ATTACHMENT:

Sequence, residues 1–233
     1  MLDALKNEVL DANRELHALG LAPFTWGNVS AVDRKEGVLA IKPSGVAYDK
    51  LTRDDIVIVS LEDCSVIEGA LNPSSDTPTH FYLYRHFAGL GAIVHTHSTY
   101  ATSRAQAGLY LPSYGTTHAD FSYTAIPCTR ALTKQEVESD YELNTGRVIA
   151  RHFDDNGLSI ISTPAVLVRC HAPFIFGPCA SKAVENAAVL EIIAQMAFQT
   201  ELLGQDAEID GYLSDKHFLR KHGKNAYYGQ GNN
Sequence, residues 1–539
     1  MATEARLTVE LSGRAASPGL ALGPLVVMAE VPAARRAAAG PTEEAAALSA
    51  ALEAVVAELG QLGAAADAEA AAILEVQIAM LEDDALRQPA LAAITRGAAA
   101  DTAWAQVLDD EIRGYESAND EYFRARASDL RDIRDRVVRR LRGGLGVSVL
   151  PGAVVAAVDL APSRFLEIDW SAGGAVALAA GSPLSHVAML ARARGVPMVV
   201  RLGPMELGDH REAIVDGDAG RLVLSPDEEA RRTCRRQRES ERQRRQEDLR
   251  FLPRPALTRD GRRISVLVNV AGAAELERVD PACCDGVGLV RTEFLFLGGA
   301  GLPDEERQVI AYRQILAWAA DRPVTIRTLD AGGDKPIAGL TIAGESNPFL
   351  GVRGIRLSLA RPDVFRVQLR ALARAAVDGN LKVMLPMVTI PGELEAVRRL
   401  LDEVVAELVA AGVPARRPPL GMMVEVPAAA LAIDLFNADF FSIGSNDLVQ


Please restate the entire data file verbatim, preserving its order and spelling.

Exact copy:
Sequence, residues 1–233
     1  MLDALKNEVL DANRELHALG LAPFTWGNVS AVDRKEGVLA IKPSGVAYDK
    51  LTRDDIVIVS LEDCSVIEGA LNPSSDTPTH FYLYRHFAGL GAIVHTHSTY
   101  ATSRAQAGLY LPSYGTTHAD FSYTAIPCTR ALTKQEVESD YELNTGRVIA
   151  RHFDDNGLSI ISTPAVLVRC HAPFIFGPCA SKAVENAAVL EIIAQMAFQT
   201  ELLGQDAEID GYLSDKHFLR KHGKNAYYGQ GNN
Sequence, residues 1–539
     1  MATEARLTVE LSGRAASPGL ALGPLVVMAE VPAARRAAAG PTEEAAALSA
    51  ALEAVVAELG QLGAAADAEA AAILEVQIAM LEDDALRQPA LAAITRGAAA
   101  DTAWAQVLDD EIRGYESAND EYFRARASDL RDIRDRVVRR LRGGLGVSVL
   151  PGAVVAAVDL APSRFLEIDW SAGGAVALAA GSPLSHVAML ARARGVPMVV
   201  RLGPMELGDH REAIVDGDAG RLVLSPDEEA RRTCRRQRES ERQRRQEDLR
   251  FLPRPALTRD GRRISVLVNV AGAAELERVD PACCDGVGLV RTEFLFLGGA
   301  GLPDEERQVI AYRQILAWAA DRPVTIRTLD AGGDKPIAGL TIAGESNPFL
   351  GVRGIRLSLA RPDVFRVQLR ALARAAVDGN LKVMLPMVTI PGELEAVRRL
   401  LDEVVAELVA AGVPARRPPL GMMVEVPAAA LAIDLFNADF FSIGSNDLVQ